I don’t normally do personal commentary type posts, but as I’ve started to take this whole blogging thing a lot more seriously than before I figured what the hell.
Lately I’ve been expanding my blogging posts beyond my originally themed idea for this site. Instead of focusing entirely on MMO design and theorycrafting I’ve found myself drifting to other topics like single player games and even recently tabletop games. I suppose the only reason for this is the fact that I have yet to find a new MMO home.
Part of me wonders why this is the case and I’m hesitant to admit to it, but recent blog posts by the MMO-community have made me revisit certain topics. I began to wonder if my current status of not playing an MMO is due to how critical of late, I’ve become of the MMO genre as a whole. Perhaps my critical nature of finding flaws in every game has forced me out of a genre I once use to be borderline addicted to.
I have listed, on my about page, over two dozen MMO’s that I’ve played in any semblance. Its a long list, and one I use to wear as a badge of honor. Yet, in retrospect I would of preferred a list that contained only a handful of titles. Why? It means that my time within each of those worlds was lengthy, meaningful, and that I was content. Instead my list reads like an ADHD addled bunny, hopping from one title to the next. Never satisfied.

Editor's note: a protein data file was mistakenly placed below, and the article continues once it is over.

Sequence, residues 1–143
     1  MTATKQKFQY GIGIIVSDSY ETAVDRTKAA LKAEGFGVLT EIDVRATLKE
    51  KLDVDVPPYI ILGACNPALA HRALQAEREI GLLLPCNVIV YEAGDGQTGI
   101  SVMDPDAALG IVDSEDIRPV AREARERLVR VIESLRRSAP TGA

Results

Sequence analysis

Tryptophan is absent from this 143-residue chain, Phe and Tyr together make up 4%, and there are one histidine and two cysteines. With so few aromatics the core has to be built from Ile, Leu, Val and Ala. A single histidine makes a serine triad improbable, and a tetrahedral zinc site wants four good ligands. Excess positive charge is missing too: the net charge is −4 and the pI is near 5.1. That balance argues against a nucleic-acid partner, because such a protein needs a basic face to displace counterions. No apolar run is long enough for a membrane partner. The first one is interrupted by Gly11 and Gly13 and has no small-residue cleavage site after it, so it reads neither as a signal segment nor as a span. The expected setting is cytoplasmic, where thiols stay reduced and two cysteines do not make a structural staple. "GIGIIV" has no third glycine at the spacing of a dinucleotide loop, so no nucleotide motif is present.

When I look back at my experiences in those titles there are absolutely memorable experiences I do not regret. Shadowbane, for all of its terribleness still holds a special place in my heart because the experiences it provided were truly memorable. World of Warcraft, despite the fact that Blizzard makes it and I’ve grown to hate what it now represents (homogenization/simplification of the genre), still was my home for 6 years. The experiences in every game that I’ve now grown apart from were memorable, even if the time spent in them was short.
So I guess this is the point where I admit that perhaps the MMO genre has grown so stale and uninventive that I’ve simply outgrown it.
Then I come to my senses and realize most of my criticism is dead on. That my moment of being MMO-less is actually a symptom of a greater problem with the genre. In every intellectual properties quest to secure the holy grail of subscription revenue (of which only Blizzard has truly been successful), we’ve lost more then we’ve gained.
Games like The Elder Scrolls Online and Wildstar, while both being perfectly acceptable and honestly made games, haven’t really pushed the gamer into new challenges. What new innovations have these titles thrust into the MMOG genre? Telegraphs? Really? Yet realistically World of Warcraft didn’t really innovate when it launched.
Perhaps my growing distaste of TESO and Wildstar is merely me begrudgingly accepting the fact that Themeparks are seemingly here to stay.
Am I wrong in being disappointed?
#cynic #mmo #reflection